Condoleeza, old friend, your new international apple polisher Karen Hughes is falling down on the job if a law school dean holding a doctorate from the University of Warwick in England does not know how badly our government treats the sick and infirm. Didn't your guys read the distinguished gentleman's biography? He's been providing legal services to the poor for much of his career – you know, just like the U.S. Legal Services Corporation which Dubya and his predecessors have been trying to destroy for decades because the lower classes shouldn't have lawyers to sue predatory corporations.

I told Dr. Langkarpint that U.S. workers in fact have few protections. Penalties are so small that fines are just a minor cost of doing business when somebody gets injured or killed; that prejudicial federal and state laws have almost destroyed the trade union movement.

I informed him that in Canada, when 55 percent of workers in a bargaining group sign cards confirming their decision to form a union, they automatically have one under the law. The American secret ballot process has been perverted by employers, hostile state and national labor boards, and more than 10,000 high-priced union-busting law firms and consultants who thrive by stepping on the employed. (Polls have long shown that an overwhelming majority of U.S. workers would like to have a union, but the system is rigged to make it almost impossible to form one.)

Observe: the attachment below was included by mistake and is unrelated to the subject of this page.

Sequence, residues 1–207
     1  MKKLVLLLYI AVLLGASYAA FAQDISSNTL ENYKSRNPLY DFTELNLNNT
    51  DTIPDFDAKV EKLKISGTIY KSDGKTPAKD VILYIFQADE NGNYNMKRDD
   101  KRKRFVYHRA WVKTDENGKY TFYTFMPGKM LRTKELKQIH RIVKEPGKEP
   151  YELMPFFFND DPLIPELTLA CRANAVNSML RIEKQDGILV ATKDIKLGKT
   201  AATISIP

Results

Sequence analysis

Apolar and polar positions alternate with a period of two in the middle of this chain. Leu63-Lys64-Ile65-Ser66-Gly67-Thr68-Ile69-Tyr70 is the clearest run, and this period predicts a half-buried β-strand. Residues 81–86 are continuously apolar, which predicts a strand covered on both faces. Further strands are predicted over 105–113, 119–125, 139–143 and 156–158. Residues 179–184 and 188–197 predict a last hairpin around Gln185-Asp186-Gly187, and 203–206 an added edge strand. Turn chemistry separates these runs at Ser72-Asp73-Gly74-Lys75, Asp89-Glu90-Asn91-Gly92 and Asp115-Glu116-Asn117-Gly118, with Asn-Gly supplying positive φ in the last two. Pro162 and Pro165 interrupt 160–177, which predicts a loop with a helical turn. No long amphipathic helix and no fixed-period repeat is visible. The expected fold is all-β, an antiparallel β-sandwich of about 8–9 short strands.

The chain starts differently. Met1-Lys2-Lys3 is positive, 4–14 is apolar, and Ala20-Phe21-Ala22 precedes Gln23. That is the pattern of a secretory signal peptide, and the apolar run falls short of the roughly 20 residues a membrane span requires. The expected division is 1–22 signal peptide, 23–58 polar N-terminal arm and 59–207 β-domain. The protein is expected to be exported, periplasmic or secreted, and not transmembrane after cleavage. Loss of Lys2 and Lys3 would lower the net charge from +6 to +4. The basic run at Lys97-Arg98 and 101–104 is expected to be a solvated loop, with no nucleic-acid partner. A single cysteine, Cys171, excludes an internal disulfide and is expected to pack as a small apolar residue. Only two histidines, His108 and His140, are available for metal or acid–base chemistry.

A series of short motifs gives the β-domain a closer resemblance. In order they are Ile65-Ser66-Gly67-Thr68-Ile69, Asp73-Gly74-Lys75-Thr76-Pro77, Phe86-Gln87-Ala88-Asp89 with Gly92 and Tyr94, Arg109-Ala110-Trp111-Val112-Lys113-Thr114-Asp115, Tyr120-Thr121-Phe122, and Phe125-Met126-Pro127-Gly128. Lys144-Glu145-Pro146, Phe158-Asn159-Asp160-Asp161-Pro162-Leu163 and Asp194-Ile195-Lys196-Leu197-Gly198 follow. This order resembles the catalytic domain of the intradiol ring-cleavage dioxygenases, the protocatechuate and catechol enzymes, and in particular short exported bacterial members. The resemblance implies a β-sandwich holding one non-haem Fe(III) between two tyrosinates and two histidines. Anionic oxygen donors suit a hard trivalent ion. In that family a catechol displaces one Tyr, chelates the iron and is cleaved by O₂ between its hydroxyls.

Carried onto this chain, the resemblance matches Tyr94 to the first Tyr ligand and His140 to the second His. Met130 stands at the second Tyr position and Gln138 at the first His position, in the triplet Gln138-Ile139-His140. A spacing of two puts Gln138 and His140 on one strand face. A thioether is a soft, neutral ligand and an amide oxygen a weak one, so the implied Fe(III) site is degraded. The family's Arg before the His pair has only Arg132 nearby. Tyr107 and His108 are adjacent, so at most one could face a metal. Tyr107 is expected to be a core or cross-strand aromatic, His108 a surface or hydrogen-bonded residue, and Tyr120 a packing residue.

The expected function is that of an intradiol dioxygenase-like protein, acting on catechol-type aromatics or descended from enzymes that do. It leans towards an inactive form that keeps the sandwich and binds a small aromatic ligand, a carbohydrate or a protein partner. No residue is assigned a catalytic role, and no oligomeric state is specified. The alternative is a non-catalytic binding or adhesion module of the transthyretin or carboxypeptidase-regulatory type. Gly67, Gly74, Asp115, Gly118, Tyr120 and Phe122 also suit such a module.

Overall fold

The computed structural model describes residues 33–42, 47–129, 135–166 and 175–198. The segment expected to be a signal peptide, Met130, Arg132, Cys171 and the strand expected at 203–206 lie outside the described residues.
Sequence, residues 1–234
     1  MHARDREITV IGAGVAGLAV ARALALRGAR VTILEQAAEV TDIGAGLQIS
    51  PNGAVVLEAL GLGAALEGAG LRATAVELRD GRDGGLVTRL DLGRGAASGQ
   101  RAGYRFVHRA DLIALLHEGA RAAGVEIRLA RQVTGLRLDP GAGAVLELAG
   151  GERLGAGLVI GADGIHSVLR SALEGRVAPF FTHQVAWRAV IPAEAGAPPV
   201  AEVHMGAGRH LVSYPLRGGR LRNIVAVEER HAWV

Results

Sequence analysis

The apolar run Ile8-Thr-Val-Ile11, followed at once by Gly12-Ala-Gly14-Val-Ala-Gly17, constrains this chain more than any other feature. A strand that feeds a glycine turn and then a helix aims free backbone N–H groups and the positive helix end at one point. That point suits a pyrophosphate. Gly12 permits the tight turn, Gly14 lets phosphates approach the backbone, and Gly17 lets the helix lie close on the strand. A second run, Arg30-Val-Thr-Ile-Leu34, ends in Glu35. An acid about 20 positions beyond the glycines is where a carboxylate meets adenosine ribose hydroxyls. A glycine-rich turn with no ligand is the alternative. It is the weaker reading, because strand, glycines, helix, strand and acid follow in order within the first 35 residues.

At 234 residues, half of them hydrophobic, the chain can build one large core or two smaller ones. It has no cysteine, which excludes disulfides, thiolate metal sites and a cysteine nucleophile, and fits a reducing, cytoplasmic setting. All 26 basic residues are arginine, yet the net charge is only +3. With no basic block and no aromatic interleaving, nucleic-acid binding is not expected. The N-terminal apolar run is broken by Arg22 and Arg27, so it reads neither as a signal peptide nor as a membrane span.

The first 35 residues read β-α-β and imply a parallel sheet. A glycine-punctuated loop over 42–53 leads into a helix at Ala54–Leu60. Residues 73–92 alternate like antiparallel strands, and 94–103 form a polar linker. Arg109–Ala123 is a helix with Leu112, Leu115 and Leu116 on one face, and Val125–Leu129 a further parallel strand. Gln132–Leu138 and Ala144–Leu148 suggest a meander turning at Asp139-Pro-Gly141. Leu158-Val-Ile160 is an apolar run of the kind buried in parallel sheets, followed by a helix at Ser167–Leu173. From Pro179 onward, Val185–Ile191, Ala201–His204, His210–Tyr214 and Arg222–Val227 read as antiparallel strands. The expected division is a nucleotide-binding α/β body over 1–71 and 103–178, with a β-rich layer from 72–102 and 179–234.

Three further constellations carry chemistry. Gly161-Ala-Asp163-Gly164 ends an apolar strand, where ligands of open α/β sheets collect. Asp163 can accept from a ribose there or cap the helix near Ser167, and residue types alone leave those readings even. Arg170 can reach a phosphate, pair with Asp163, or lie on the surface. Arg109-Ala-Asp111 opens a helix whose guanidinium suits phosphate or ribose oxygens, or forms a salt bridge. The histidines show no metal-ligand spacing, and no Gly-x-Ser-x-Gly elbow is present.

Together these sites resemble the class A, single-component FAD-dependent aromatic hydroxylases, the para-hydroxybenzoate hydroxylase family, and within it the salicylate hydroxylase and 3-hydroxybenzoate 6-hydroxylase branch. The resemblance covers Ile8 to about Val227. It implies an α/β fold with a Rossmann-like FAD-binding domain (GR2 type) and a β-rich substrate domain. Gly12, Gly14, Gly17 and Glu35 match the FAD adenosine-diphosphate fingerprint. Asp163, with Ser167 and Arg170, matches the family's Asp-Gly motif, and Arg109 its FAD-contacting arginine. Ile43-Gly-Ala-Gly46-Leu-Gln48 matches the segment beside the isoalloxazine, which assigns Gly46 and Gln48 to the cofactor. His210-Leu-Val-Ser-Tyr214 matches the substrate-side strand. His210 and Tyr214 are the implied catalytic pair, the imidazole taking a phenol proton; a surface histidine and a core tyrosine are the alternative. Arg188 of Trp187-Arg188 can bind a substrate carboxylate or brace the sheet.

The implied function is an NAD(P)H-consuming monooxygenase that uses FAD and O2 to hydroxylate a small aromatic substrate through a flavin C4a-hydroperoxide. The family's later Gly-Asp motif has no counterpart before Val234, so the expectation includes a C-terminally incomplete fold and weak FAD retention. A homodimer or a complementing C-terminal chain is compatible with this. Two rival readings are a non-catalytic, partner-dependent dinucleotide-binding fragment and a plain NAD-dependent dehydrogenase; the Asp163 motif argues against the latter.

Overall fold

I told Dr. Langkarpint that globalization has produced horrible results. Mexico's standard of living has not improved since we moved much of U.S. auto production south of the border 25 years ago. Now, those plants are being shut down and moved to his part of the world.

I torpedoed American's self image as rugged individual cowboys. In fact, we roll over like sheep because we have been taught to unquestionably obey the man; that you owe the boss unflinching loyalty for signing your meager paycheck.

If the supreme court says Bush has been elected, then it must be so. I noted that this mindset goes back to the brutal Protestant ethic which preaches that conformity and hard work can make everyone successful. Those who don't get rich and famous, it's their own damned fault. As I wrote in this space last Sept. 11, I informed him that our weakness is further rooted in ancient Hebrew taboos that anyone with personal afflictions is manifestly being punished by God for some sin.

I dovetailed the above with information on the billions spent by corporations over the past century in funding think tanks and propaganda campaigns designed to weaken unions and government protections while painting big business as an uncrowned god. The results are broadcast every day on talk radio and Fox News.